Now, with that one statement, Jon hands me a piece of the puzzle I am to myself, and I remember. I remember that we were once twelve, he and I, and I feel the zest and confusion of that age. I’m twelve again. I’m twelve and I’m twenty-nine and many ages besides. And for a moment, that somehow makes sense.

“Gotta keep moving.”

I think I was somewhat younger than twelve in this picture, but only somewhat.

*I’m stealing away to Puerto Rico Thursday.  I hope to come back with something mildly interesting to share. 🙂  It would be hard to top the random experiences I had in Costa Rica last March with a group of  Harvard MBAs I became attached to. 

Austin, Texas: Live Music Capital of the World?

Downtown Austin from Auditorium Shores

Austin sits at the center of Travis County like a radiant sun that illuminates all around it.  It tugs people into its orbit and, as massive stellar objects are wont to do, the city alters the fabric of reality and bends perceptions.  Are you sad?  Go to Austin, dance in a club or sway to the beat of an outdoor concert and you’ll find happiness again.  Are you angry?  Go to Austin, swim in its soothing springs and you’ll emerge cleansed and eager to forgive whoever wronged you.  Are you lost?  Austin will help you find yourself.  Do you want to get lost?  Austin can help with that, too. 

Music courses through Austin’s streets, reverberates off of its sky scrapers, and saturates most anything that passes through the “Live Music Capital of the World”.  On a loud Friday night even the Austin hills seem to resonate with the music that wafts in the air from Sixth Street, the pulsating heart of the music scene.  I used to read Austin’s boast that it was the “Live Music Capital of the World” as a joke that everyone was in on.  We natives repeated it with an implicit wink and a knowing smile.  To be sure, Austin has long been an incubator of musical talent, and for decades musicians and their fans have flocked to the city for its unique scene.  But capital?  Of the world?  That struck me as hyperbole.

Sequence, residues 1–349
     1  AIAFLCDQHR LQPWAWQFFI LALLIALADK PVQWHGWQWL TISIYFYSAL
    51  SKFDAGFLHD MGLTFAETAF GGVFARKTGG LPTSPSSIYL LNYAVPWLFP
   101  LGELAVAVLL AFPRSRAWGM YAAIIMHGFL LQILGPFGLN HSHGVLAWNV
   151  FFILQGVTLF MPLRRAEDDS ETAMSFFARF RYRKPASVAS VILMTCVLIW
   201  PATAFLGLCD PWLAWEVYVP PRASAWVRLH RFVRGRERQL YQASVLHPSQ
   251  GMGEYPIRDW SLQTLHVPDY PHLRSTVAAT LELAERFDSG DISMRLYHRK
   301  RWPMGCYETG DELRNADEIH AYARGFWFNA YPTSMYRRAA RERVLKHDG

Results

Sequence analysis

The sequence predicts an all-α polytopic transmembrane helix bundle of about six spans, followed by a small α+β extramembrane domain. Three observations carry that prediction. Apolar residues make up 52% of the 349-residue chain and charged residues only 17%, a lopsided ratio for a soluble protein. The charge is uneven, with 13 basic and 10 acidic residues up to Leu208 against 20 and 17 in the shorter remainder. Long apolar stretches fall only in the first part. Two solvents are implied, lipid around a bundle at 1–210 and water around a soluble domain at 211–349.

How things have changed.  Now Austin hosts two of the biggest, coolest, and most tweeted music festivals in the U.S..  More than 70,000 people attend the Austin City Limits (ACL) Festival on each of three days in mid-September.  200,000 people from all over the world flood Austin each Spring for South by Southwest (SXSW) to witness an entire city transform itself into one gigantic concert venue, where bands are as likely to perform in grocery stores as on big stages to big crowds.  The SXSW music festival grew to be so large that it spawned an accompanying film festival and, later, an interactive festival featuring social networking technology.  According to TIME Magazine, the film festival threatens to eclipse Sundance, long the hotspot of the indie film scene.  The Interactive Festival is one of the few of its kind.  The story goes that Twitter went mainstream when attendees at SXSW tweeted en masse about what was happening there.   

Stevie Ray Vaughn Statue

Yes, music has long been in Austin’s blood, but when I was growing up here, in the 80s and 90s, you could wander most parts of downtown outside of Sixth Street and miss that fact.  Austin’s music scene contributed to its eclecticism and confirmed it as a bizarre kind of place where dreamers fought against the odds and strived to live off of their art, playing in whatever venues would book them, and in some cases living on the streets with little more than their guitar cases to accompany them.  Now, wandering the streets of downtown on a Friday night, everywhere I go I hear at least the faintest echo of a song.  A country performance at Threadgills, south of downtown on Riverside Drive, floats over to me more than a mile away, on the far western end of Auditorium shores.  Loose melodies and muted drum beats rise from the city.  A drawn out guitar chord resonates in the wind.  For a moment I imagine the city itself is the instrument and that 800,000 people strum one of its 800,000 strings. 

Austin’s rise in the national consciousness thrills me.  I’m glad to see it grow and thrive.  Better than to shrink and stagnate.  Austin has changed, but at the center of the new people and buildings, subdivisions, restaurants, and festivals that accrue to the city, Austin retains its core identity.  At the center of the bigger and richer Austin lies the city’s soul, a seed crystal that alters everything it touches.  Everything new conforms in its own way to the best of what is old.  True, more people share in certain finite resources, and if you told me that on some busy days there is more skin than water in Barton Springs Pool, I might believe you.